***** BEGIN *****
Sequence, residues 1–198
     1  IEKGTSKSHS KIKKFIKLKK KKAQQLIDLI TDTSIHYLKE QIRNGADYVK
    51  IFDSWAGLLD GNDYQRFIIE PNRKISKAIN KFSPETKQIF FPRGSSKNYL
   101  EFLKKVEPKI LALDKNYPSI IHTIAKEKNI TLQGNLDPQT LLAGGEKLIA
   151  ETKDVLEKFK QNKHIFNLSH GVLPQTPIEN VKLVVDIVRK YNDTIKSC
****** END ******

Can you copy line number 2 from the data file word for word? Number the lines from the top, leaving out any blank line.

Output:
     1  IEKGTSKSHS KIKKFIKLKK KKAQQLIDLI TDTSIHYLKE QIRNGADYVK